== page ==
In 2020, a fire ripped through French Navy submarine FS Perle. To repair the boat, France’s Naval Group is joining the aft of the Perle to the front of her sister submarine Saphir. Harry Lye speaks to the company about how the complex repairs are being completed.

The Rubis-class nuclear submarine FS Perle was undergoing maintenance in drydock at the Marine Nationale (French Navy) main base in Toulon when a fire broke out on 12 June 2020. It blazed for 30 hours, leaving damage so severe it took experts until October 2020 to determine if repairs would be feasible. 

The repair work will involve grafting the front end of HMS Perle’s decommissioned sister submarine Saphir to the damaged boat, the first time this operation has been carried out. It will take 300 people and six months to complete. Naval Group explains what this will involve. 

Harry Lye: What makes Naval Group well suited to complete the repairs of the Perle?

Naval Group: Naval Group’s added value is to master this innovative repair process.

Indeed, for the first time, the repair of a submarine is made by hybridisation with the front of the [nuclear attack submarine] SSN Saphir added to the back of the SSN Perle. This is a world-first for the repair of a submarine, but Naval Group has mastered the complexity of the several industrial operations composing this innovative process.

Naval Group has already carried out this type of complex operation in the past. This is a succession of cutting, welding and connection tasks already carried out by the teams of Naval Group and its partners.

The process capitalises on the expertise of each Naval Group site. For instance, the thick hull cutting and welding work is entrusted to the Cherbourg industrial site. For the Cherbourg team, cutting and joining are routine operations made every day on the site for the construction of new submarines. 

The preparation of the cutting, the reconstruction of decks and internal partitions, as well as the in-service support, will be entrusted to Naval Group teams in Toulon who have the specific know-how to carry out these operations.

What are some of the key challenges for the project to overcome?

The repair of the Perle submarine constitutes an industrial challenge. The time constraint is important as the objective is to return to a situation in which the French Navy has six nuclear attack submarines functioning. What is at the stake is the deterrence strategy of the country. Therefore, this project is treated as a priority. We are committed to fulfilling our customer’s interests and we deploy all the means and skills necessary to deliver this submarine on time.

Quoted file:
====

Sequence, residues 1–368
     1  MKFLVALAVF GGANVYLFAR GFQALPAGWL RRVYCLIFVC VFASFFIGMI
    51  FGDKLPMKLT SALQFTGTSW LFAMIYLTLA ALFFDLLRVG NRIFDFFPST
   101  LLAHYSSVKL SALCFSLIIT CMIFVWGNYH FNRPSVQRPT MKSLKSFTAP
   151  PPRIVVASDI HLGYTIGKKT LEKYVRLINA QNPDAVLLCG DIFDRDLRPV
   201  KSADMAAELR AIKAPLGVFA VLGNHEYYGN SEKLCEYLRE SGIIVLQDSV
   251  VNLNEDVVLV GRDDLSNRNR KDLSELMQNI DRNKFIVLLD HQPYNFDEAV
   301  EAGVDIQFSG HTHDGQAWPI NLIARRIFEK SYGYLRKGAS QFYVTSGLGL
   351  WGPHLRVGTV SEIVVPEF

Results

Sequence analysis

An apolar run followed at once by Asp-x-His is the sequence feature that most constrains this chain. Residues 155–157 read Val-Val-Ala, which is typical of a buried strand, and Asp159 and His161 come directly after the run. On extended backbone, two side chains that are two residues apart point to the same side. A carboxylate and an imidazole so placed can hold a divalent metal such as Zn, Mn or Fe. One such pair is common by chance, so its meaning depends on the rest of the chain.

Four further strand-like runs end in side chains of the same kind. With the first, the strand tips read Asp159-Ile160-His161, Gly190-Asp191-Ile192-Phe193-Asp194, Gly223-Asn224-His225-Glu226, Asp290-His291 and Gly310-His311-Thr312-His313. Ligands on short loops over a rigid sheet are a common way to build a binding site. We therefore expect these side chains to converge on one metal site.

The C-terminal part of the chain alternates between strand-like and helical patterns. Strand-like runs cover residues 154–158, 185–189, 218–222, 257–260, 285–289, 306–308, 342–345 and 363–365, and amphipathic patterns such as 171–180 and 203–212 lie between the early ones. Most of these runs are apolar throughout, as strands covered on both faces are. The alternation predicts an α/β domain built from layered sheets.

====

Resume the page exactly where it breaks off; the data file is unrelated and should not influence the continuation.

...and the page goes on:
How important is retaining the ability to repair submarines that have received such extensive damage?

This is a large-scale project that mobilises skills and unique industrial know-how. It is a multi-site programme that draws on all of our industrial skills. Over 300 people are mobilised for over 100,000 hours of engineering work and 250,000 hours of industrial work. 

The major overhaul during the periodic interruption for maintenance and repair (PIMR) of the SSN Perle corresponds to one million hours of work. All this industrial work can be carried out because there has been a long-standing willingness to retain and transmit these essential skills in Naval Group. 

To reach this objective, Naval Group invests heavily in training its workers. For instance, we have an in-house welder’s school in Cherbourg to assist them in their ten-year training.

What is the timeline for the works to be completed and what key milestones can we expect to see this year as the repairs progress?

The repair programme for the Perle nuclear attack submarine is proceeding to plan. Indeed, several milestones have been reached. In December, the Perle was moved from Toulon to Cherbourg. In January, the Perle submarine was placed on the launching device. The Naval Group teams then prepared the cutting phase.

To do this, around 100 Naval Group employees from the Toulon site, mainly specialised in carrying out hull and dismantling work, were hosted in Cherbourg for several weeks. They were first tasked with dismantling the front part of SSN Saphir. At the same time, the Naval Group engineering teams from Toulon, Brest and Cherbourg mobilised to finalise the design and management studies of the changes required to carry out the repair work.

In March, a new milestone was reached with the preliminary reviews of the junction design. The two Ruby-class submarines, the Perle and the Safir, were cut out and then aligned. The junction between the front of the ex-Saphir and the rear of the Perle has been made.

In early June, the submarine left the launching device. The work of splicing the electrical cables will begin at the beginning of July, which corresponds to restoring more than 2,000 connections. The SNA will then be moved in the second half of the year to the Toulon naval base to complete its major overhaul. It is a large-scale operation that corresponds to over a million hours of industrial work. At the end of the sea trials, the submarine will be returning to the French Navy in the first semester of 2023.